Most visitors are still shocked, however, by the vast numbers of bicycles, and the wide variety of cyclists: from students to police officers and from bank staff to couriers, cycling is the most egalitarian mode of transport. The Mayor of Amsterdam and City alderpersons also cycle. Even King Willem-Alexander cycles regularly with his family.

Building Amsterdam's cycling infrastructure

The popularity of cycling in Amsterdam is undoubtedly aided by the fact that Amsterdam is flat, compact and densely populated and the climate mostly moderate. But Gerrit Faber of the Fietsersbond, or Cyclists’ Union notes that “It’s not what we have because of our genes. We built it – and other cities can, too.”

He is referring to the investment in cycling infrastructure that began in earnest in the 1970s, following a post-war boom in auto reliance that led to unacceptably high death rates for cyclists. In 1971, more than 3,000 people were killed by cars, 450 of them children. “At that moment, people decided we don’t want it and we built what we have today,” says Faber.

Today there are some 400 kilometres of bicycle paths criss-crossing the city, with an estimated half of all city journeys taking place on two wheels – pretty impressive for what began as an ‘elitist pastime’ in the 1890s.

Rolling rebellion in wartime

Cycling remained the main mode of transportation in the country’s pre-World War II days and even played a role during the Nazi occupation of the city in the 1940s. “The Germans hated Amsterdam cyclists,” says Pete Jordan, author of In the City of Bikes, with “their attitude full of bravado, like it is today – running red lights and being anarchistic.” As Amsterdam cyclists purposely slowed up convoys and refused to give way to German vehicles, cycling, says Jordan, became “the biggest expression of resistance to the Nazis… It gave ordinary people satisfaction that they were hindering the Nazi cause.”

With the car replacing the bicycle after the war and even the city’s mayor tolling the velo’s death knoll in 1965, urban planners rushed to accommodate four-wheeled vehicles. One thankfully nixed 1960s plan was even to pave over the city centre’s historic canals to make way for cars. Today, however, those cars that five decades ago haphazardly filled the city’s most famous squares – Rembrandtplein, Leidseplein – are gone. In their place are thousands of bicycles.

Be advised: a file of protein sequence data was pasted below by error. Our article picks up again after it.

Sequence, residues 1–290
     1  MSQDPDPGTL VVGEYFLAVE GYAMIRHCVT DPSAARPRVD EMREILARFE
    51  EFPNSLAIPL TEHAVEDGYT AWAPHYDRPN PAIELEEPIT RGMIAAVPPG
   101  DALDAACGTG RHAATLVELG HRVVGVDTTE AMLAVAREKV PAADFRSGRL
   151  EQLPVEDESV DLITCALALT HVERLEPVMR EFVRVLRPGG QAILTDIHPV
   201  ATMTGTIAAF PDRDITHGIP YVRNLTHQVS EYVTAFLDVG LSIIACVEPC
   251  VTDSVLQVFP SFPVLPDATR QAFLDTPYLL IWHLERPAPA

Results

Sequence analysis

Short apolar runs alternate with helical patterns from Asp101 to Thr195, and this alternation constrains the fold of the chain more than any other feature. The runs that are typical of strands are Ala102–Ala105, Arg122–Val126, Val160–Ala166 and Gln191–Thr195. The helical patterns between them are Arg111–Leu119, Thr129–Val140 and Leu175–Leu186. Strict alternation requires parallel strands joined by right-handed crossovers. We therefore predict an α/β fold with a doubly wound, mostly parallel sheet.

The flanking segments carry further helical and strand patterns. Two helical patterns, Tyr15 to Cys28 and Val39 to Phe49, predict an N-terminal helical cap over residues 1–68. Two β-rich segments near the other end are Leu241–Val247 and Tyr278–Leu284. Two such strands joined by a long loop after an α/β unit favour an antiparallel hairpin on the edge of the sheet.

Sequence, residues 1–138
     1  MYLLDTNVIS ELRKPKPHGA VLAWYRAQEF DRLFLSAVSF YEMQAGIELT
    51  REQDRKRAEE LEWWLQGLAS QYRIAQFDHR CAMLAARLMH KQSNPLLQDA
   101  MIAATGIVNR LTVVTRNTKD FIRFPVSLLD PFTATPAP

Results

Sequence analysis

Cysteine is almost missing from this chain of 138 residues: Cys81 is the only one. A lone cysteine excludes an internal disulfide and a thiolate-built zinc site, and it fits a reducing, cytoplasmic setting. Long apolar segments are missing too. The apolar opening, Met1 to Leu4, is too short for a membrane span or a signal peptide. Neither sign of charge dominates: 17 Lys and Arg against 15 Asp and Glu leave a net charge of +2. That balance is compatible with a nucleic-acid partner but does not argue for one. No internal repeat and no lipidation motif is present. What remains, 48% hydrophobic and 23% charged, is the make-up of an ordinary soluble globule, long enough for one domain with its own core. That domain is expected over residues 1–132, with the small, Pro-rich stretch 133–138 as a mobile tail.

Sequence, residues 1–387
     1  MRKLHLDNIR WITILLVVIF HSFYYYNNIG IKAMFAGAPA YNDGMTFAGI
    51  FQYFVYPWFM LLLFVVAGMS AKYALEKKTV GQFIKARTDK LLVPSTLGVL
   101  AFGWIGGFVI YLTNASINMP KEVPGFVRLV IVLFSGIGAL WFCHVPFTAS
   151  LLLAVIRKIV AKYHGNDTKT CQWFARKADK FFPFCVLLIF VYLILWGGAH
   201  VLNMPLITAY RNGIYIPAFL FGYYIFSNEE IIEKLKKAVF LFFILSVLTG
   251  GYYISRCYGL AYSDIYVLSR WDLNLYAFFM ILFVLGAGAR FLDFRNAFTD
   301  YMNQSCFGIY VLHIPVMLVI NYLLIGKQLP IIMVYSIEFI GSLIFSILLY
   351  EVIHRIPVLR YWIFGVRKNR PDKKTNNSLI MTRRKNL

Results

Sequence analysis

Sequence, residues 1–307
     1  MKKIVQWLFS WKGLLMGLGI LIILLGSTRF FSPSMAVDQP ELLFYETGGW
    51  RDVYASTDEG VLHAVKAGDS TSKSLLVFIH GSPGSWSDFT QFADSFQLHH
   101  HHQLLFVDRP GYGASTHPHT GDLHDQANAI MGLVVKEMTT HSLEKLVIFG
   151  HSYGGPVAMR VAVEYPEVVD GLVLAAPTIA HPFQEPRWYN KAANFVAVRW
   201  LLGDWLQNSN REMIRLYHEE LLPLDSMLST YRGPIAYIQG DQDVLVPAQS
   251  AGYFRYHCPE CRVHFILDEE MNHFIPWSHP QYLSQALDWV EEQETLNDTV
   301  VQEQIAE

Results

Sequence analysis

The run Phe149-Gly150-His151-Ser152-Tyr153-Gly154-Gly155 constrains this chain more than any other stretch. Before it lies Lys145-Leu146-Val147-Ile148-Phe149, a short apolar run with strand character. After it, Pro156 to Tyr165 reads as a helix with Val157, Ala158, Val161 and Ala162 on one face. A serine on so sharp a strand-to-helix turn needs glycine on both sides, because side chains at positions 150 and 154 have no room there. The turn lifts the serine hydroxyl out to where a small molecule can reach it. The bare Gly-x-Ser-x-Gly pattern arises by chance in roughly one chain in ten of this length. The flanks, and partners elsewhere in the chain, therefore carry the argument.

Looking to the future

The Fietsersbond’s Michel Post has a vision for the Amsterdam of the future: the city’s car traffic will decrease to the point where there won’t be a need for cycle lanes at all, as bicycles move off the curb and claim the streets. "Cars will consider themselves guests," he says, elevating Amsterdam’s status as the world’s biking capital to new heights.

Bicycle facts and figures

Number of bikes

881,000

Number of kilometres cycled by Amsterdammers each day

2 million km

Percentage of Amsterdammers that cycle daily

58% older than 12

Number of pedal boats/canal bikes

120

Total length of cycle paths and bike lanes (Amsterdam Bicycle Network)

767km

Dedicated cycle paths

513km

Two-way cycle paths

275km

One-way cycle paths

236km

Bicycle shops

140

Bicycle parking spots around Amsterdam Central Station

10,000

Secured bicycle parking garages

25 (including 8 free bicycle garages)

Number of bicycle racks

200,000–225,000

Number of bicycle hire businesses

29

Ready to get on your bike? Find out where to hire a bike in Amsterdam, and get tips on cycling safely in the city.